Financing



is	 focused	 on	 gathering	 resources	 for	 two	main	projects:	future	infrastructure	 i m p r o v e m e n t s 	 a n d 	 a w a r d i n g	 scholarships	for	participants	interested	 in	pursuing	higher	education.

Building Partnerships Since	its	inception,	THE	GARAGE	has	

	 Creating	More	 Flexibility	in	 Existing	Streams 	 Building	  Public/Private	 Partnerships

	 Generating	 New	Dedicated	 Revenue

encountered	 numerous	 challenges	 to	 sustainability,	forcing	its	supporters	to	 take	action	and	seize	opportunities	for	 collaboration.	First,	the	referendum	that	 would	have	provided	initial	funding	for	 a	 community	 center	 was	 voted	 down,	 preventing	 general	 funds	 from	 being	 used	to	develop	the	youth	program.		The	 Burnsville	Youth	Center	Foundation	was	 able	to	capitalize	on	the	support	within	 the	community	and	meet	the	fundraising	 deadline	 in	 time	 for	 city	 grants	 to	 be	 useful.	 	 Then,	 in	 the	 fall	 of	 2000,	 the	 Department	 of	 Public	 Safety	 grant,	 a	 major	funding	source	for	THE	GARAGE,	 was	subject	to	the	state	spending	freeze	 enacted	by	the	governor	of	Minnesota.	 	 Facing	 the	 possibility	 of	 losing	 THE	 GARAGE,	community	youth	responded	 with	 200	 signed	 petitions	 to	 protest	 the	 freeze,	 bringing	 THE	 GARAGE	 recognition	 from	 the	 media	 statewide	 and	eventually	leading	to	the	restoration	 of	state	funds.		Due	in	part	to	the	new	 publicity,	 participation	 increased	 from	 100	to	200	kids	a	night,	a	testament	to	 its	popular	services.		 Coordinators	 at	 THE	 GARAGE	 are	 aware	 of	 the	 value	 of	 partnerships	 and	 credit	 their	 local	 allies	 as	 well	 as	 youth	for	their	program’s	success.		The	 Community	 Action	 Council,	 another	 partner	 of	 the	 program,	 provides	 a	 human	 services	 liaison	 to	 conduct	 family	 outreach	 on	 site	 at	 the	 center,	 a	position	supported	by	CDBG	funds.	 Coordinators	 of	 THE	 GARAGE	 also	 enjoy	 a	 close	 relationship	 with	 the	 school	district	and	are	able	to	visit	junior	 high	 schools	 during	 lunchtime	 to	 talk	

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Funding for ThE GaRaGE FY 006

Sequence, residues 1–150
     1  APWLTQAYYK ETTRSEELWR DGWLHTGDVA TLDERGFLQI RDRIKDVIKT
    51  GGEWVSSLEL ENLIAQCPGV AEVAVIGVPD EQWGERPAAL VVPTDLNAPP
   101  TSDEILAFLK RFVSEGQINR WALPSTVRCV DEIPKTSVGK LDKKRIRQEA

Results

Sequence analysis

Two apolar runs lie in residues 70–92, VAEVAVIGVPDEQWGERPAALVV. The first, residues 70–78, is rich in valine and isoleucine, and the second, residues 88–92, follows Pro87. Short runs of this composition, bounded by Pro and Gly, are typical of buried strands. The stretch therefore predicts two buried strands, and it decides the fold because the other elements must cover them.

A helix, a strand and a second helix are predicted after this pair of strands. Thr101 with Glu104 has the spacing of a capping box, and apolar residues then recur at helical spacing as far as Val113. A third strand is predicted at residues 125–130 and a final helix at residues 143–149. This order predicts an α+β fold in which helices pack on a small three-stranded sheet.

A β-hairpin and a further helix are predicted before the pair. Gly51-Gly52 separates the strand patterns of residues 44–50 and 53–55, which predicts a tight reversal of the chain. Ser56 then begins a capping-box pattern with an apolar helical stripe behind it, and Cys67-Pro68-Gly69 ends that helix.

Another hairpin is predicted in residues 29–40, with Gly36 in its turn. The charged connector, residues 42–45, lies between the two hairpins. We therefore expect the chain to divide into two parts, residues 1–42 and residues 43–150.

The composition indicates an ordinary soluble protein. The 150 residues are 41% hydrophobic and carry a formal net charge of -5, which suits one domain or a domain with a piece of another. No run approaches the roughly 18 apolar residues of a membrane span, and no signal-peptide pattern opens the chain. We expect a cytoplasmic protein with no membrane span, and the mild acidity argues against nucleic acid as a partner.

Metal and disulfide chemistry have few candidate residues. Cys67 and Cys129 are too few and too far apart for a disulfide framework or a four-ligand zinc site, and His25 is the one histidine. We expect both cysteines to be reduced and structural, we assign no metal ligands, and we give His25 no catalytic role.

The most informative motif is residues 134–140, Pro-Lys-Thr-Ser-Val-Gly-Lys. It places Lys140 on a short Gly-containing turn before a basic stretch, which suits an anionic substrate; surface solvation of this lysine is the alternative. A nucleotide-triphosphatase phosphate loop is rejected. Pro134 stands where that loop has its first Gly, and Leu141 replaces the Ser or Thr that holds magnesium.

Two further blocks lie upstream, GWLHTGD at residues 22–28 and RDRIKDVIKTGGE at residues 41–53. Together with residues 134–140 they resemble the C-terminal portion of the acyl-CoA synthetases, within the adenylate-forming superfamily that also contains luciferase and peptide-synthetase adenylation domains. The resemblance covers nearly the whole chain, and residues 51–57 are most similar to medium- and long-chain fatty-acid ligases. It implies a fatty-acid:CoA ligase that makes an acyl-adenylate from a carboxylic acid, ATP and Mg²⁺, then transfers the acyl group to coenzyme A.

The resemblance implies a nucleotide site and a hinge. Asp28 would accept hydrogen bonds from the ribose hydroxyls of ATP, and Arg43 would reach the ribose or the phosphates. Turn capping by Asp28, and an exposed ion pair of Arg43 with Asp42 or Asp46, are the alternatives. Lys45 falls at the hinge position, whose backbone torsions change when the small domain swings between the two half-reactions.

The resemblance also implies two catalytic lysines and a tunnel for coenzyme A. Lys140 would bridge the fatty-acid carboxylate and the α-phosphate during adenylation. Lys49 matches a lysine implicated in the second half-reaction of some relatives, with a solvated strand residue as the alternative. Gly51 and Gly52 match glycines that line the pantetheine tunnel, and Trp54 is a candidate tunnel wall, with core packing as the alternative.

ThE GaRaGE FY 006 Budget
30	% Federal CDBG State MN Dept. of Public Safety $46,000 $87,000 $30,000 $57,000 $315,500 Local City of Burnsville Private McKnight Foundation Savings/Interest/Revenue Total $95,500

18	% 10%

28	% CDBG

15	%

Total Budget: $5,500

MN Dept. of Public Safety City of Burnsville McKnight Foundation Savings/Revenue

about	their	activities.		They	also	help	 with	 transportation	 issues	 by	 taking	 students	from	school	to	the	center	and	 back	home	afterwards.

recreational	 environment	 for	 local	 teens.	 The	 youth	 petitions	 are	 an	 excellent	example	of	the	impact	the	 center	has	had	on	local	youth	and	 their	commitment	to	keep	programs	 funded	 in	 the	 future.	 	 When	 staff	 members	 seek	 youth	 opinions	 through	 surveys	 and	 for	 making	 decisions	 about	 how	 to	 improve	 the	 center’s	 activities,	 youth	 feel	 empowered	 to	 make	 contributions	 to	 their	 community	 through	 their	 ideas	 and	 civic	 participation.	 Staff	 members	 of	 THE	 GARAGE	 also	 collaborate	 with	 law	 enforcement	 to	 address	 gang	 prevention	 in	 the	 community	 by	 holding	 briefings	 to educate police officers on their activities and ask officers to become involved	 in	 prevention-based	 activities	with	youth. • Tracking results THE	 GARAGE	 has	 also	 been	 strategic	in	measuring	its	success.	 	 Their	 data	 collection	 activities	 include	surveys	of	both	participants	 and	 their	 parents,	 obtaining	 demographic	information	on	youth	 participants,	 and	 analyses	 on	 the	 cost	effectiveness	of	THE	GARAGE	 programs.		Using	data	from	2005,	the	 managers	concluded	that	the	costs	 to	 offer	 programming	 for	 24	 youth	 per	day	is	equal	to	the	taxpayer	cost	 of	 holding	 one	 youth	 in	 a	 juvenile	 corrections	 facility	 for	 one	 day.	 	 This	 ability	 to	 document	 positive	 outcomes	 for	 youth	 attending	 the	 center	programs	prompted	the	city	 to	 commit	 general	 funds	 for	 the	 center	in	2003.

In	 anticipation	 of	 future	 economic	 challenges,	 the	 director	 has	 been	 able	to	reserve	35%	of	their	operating	 budget	 in	 savings	 to	 help	 fund	 the	 center.	 There	 are	 plans	 to	 grow	 the	 initiative	 to	 meet	 the	 rising	 demand	 from	the	community;	currently,	program	 leaders	have	to	turn	participants	away	 due	to	limited	space.	They	are	looking	 to	 double	 the	 facility	 space	 from	 5,000	to	10,000	square	feet,	building	 a	 recording	 studio,	 and	 adding	 gym	 space	and	more	classrooms.		Results	 from	 THE	 GARAGE’s	 participant	 surveys	indicate	an	interest	in	focusing	 more	 on	 community	 and	 less	 on	 the	 music	venue	portion	of	the	center.	

Next Steps and Future Challenges

Keys to Success
For more information, contact The Finance Project at 202.628.4200 or visit our web site at www.financeproject.org

• Community collaboration and youth engagement THE GARAGE has benefited from both	 community	 collaboration	 and	 active	 youth	 engagement	 in	 its	 efforts	 to	 provide	 a	 safe